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Letters from The Great War

During World War I, letters were the main method of communication between soldiers and the homefront. This gallery of war letters from the Center for American War Letters offers a glimpse into the lives of the men and women who lived through World War I, in their own words.

See these letters and more on display at the Smithsonian National Postal Museum in My Fellow Soldiers: Letters from World War I, on dispay April 6 through November 29, 2018.
Watch THE GREAT WAR, a three-night event, on PBS starting Monday, Apr 10 at 9/8c.
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Letter from Alfred Robinson (16th Infantry Regiment) to his mother, dated November 14, 1918, sent from Base Hospital 114, Bordeaux, France to Crandull, Tennessee

…the Allies are the victors, and the world is a garden of joy, but what has been the cost. Besides the towers that are nicely injured, a thousand of them in France and Belgium are in desolation and ruins, some of them merely the cornerstones standing, worse than any ancient ruins in existence. Thousands and thousands homeless, orphans, penniless. Many and many a time as I have passed through these places I have said to myself “Poor, poor France, may her day of victory be near. I hope that after this war no man will dare to call himself a German with pride. England, France, Belgium, Italy, the Central Powers, America, and many others have lost the flower of their youth, for what?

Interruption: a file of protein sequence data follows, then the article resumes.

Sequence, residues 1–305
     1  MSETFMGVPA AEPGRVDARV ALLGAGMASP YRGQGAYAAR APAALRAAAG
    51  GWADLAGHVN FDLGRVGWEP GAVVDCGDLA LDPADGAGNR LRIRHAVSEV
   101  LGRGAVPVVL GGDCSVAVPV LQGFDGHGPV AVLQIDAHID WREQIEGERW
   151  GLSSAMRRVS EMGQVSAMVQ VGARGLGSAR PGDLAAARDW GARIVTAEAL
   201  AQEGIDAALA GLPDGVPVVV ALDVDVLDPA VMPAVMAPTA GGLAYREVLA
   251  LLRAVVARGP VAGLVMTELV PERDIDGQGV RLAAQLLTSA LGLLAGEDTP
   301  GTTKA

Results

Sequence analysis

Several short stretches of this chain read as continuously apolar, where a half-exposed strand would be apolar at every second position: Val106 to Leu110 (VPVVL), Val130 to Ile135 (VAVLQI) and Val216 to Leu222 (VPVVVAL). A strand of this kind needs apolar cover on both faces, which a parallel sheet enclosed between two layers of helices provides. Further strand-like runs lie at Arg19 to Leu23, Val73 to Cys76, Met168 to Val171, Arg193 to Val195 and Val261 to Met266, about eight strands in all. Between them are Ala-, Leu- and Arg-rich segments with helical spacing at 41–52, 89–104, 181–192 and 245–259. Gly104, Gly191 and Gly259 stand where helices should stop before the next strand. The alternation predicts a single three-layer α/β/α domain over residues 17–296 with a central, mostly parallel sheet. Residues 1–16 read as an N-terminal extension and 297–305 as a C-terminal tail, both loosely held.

The Argonne will always live in the memory of our boys, these many a poor sammie lies mouldering away. I have heard that all American dead are to be taken home in the course of time. I hope it’s true. I will close, Ans soon,

From your loving son,


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